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Hoffmann, R. A wiki for the life sciences where authorship matters. Nature Genetics (2008)

Sulfation in high endothelial venules: cloning and expression of the human PAPS synthetase.

High endothelial venules (HEVs) are specialized postcapillary venules found in lymphoid organs and chronically inflamed tissues that support high levels of lymphocyte extravasation from the blood. Studies with chlorate, a metabolic inhibitor of sulfation, had previously revealed that production of PAPS (3'-phosphoadenosine-5'-phosphosulfate), the high-energy donor of sulfate, is required for sulfation and high-affinity recognition of HEV sialomucins GlyCAM-1 and CD34 by the lymphocyte homing receptor L-selectin. Here, we report the molecular characterization of a novel 2.5 kb human cDNA from MECA-79+ HEV-derived endothelial cells that encodes the target of chlorate, PAPS synthetase, a multifunctional enzyme containing domains for both ATP sulfurylase and adenosine-5'-phosphosulfate kinase. Functional expression of the isolated cDNA in Chinese hamster ovary cells results in high levels of PAPS synthesis, which is abolished by treatment of the transfected cells with chlorate. Northern blot analysis reveals a wide tissue distribution of PAPS synthetase mRNA in the human body, suggesting that human PAPS synthetase may be important for sulfation not only of HEV sialomucins, but also of many other molecules, including mucins such as the P-selectin ligand PSGL-1, proteoglycans, hormones, neurotransmitters, drugs, and xenobiotics.[1]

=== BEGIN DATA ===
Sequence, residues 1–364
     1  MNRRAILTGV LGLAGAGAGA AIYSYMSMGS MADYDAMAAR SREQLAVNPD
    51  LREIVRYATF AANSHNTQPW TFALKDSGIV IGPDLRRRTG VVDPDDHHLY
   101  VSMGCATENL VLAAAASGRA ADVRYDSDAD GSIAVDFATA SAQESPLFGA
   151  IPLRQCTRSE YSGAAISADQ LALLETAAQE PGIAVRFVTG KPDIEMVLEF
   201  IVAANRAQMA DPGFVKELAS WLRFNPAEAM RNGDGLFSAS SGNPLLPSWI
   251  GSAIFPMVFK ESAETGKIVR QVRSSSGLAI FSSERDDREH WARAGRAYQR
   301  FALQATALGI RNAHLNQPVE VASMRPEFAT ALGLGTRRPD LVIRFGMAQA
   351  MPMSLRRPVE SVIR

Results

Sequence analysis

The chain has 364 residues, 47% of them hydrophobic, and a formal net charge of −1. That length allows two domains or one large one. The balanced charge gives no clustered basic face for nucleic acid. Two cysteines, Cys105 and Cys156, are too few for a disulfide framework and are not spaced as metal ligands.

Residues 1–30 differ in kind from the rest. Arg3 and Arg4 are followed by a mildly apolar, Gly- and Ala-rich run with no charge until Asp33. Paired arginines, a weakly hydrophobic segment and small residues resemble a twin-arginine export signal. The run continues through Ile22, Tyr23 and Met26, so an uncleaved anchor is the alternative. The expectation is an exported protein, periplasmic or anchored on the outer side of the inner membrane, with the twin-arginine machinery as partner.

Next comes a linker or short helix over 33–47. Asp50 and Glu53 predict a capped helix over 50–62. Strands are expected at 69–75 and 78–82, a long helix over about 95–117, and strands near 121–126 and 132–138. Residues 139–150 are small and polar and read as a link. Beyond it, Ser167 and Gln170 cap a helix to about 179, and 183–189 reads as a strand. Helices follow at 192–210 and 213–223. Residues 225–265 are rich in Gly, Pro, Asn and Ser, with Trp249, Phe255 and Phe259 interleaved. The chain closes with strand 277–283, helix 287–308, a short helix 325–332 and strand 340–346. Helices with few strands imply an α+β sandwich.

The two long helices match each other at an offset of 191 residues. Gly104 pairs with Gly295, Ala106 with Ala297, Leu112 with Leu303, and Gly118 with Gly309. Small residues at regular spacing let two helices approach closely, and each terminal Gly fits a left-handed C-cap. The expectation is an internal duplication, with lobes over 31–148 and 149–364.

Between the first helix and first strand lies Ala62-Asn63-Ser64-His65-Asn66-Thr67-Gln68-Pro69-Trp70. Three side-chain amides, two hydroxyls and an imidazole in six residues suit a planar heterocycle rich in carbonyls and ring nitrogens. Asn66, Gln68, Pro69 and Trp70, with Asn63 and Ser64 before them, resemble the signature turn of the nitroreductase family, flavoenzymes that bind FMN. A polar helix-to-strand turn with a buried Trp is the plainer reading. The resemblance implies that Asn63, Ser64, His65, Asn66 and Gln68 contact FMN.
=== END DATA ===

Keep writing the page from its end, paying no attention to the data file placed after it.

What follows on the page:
1. Sulfation in high endothelial venules: cloning and expression of the human PAPS synthetase. Girard, J.P., Baekkevold, E.S., Amalric, F. FASEB J. (1998) [Pubmed]
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